Tip: to help simplify your work use as large a brush as possible, for as long as possible. I believe a broad treatment with any medium will carry more conviction – as well as excitement for the painter

4 I went back into the initial wash for the distant hills whilst it was still damp and dropped some Raw Sienna ‘wet in wet’ to suggest trees and add further recession. I also added the Raw Sienna in the foreground mud, creating texture using the ‘dry brush’ technique.

 I rubbed off the masking fluid with my finger to reveal the highlights. To add further contrast as well as cover the initial marker pen drawing I used a mixture of Nordic Blue and Warm Sepia. The masts and rigging were put in with a Rigger brush using the same colour. 

5 Now time to apply the pastel - once the washes were completely dry I began working over the sky with lightly applied strokes of Dioxazine Violet (8).

This complementary colour was also echoed in the water and created some interesting effects. I also blended the pastel on the top of the clouds with a tissue in order to soften the hard edges and whiteness left by the masking fluid.

Tip: Although I have an extensive range of pastels, I always restrict the number for each painting to a chosen few and always break them in half enabling me to use them on their side, and thus gaining a greater variety of marks.

6 Next I worked more pastel into the sky using Cool Grey (9) on its side and also added further darks in the foreshore with Burnt Umber (5). The tooth of the paper picked up the pastel and helped to create the texture simply. I then used English Red Tint (7) to cover some of the highlighted areas in the water.

This pastel was also used for some negative painting to help define the reflections of the boats. I also darkened the bottom right hand corner with Light Red (9) in order to add more depth and emphasis to the whites.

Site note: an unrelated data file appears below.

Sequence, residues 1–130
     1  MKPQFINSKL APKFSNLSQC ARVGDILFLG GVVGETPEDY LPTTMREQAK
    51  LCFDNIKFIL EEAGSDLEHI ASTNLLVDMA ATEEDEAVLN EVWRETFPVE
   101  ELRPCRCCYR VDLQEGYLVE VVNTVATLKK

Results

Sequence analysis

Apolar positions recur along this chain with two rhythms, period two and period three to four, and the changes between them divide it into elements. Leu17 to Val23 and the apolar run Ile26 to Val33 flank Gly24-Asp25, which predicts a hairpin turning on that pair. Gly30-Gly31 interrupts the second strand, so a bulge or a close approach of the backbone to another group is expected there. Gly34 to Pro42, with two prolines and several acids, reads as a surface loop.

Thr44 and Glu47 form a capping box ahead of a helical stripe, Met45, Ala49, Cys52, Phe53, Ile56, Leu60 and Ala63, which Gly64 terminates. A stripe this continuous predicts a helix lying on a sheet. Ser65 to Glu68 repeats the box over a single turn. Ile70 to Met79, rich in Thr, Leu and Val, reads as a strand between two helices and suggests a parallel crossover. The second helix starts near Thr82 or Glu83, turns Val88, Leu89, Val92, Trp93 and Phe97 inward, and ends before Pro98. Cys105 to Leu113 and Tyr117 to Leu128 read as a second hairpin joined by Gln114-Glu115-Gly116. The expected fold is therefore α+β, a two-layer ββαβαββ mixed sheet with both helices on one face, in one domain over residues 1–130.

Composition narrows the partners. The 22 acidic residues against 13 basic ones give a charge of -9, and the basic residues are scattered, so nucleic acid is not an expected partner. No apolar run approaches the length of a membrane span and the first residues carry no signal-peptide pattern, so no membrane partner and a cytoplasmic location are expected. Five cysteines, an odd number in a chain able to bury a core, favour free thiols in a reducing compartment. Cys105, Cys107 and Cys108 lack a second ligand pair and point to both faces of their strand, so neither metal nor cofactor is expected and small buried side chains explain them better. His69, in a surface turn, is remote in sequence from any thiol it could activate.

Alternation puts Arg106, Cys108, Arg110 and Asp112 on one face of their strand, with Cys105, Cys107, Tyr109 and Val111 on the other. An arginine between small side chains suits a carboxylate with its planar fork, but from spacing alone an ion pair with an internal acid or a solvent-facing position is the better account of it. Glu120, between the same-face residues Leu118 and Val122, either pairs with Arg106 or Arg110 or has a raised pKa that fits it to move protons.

Tip: At the half way stage I find it useful to remove the masking tape from around the edge of the picture and take a step back to assess its progress. The clean edges around the painting act like a mount and not only help in assessing the overall painting, but it can also be helpful in lifting one’s spirits if the painting is not going to plan!

7 Now for some finishing touches. I firmed up the drawing of the figure and boats with a black Conté Crayon and used a 4B pencil to add a few flicks for the ropes and rigging.

Finally using the tip of the pastel I added tiny touches of Cerulean Blue Tint (8) in the water. I now decided to stop before I started to ‘fiddle’ and overwork the painting.

Knowing when a painting is finished can be a real problem – even for a professional artist!

Ray Balkwill, SWAc is an Academician in the South West Academy of Fine and Applied Arts and a member of the St Ives Society of Artists. He has an instruction DVD entitled 'Capturing Estuary Moods' available from the SAA Home Shop at www.saa.co.uk and has a new book planned for next year. He runs painting courses from his studio in Devon and from hotels in Cornwall. To find out more call 01395 270278 or visit www.raybalkwill.co.uk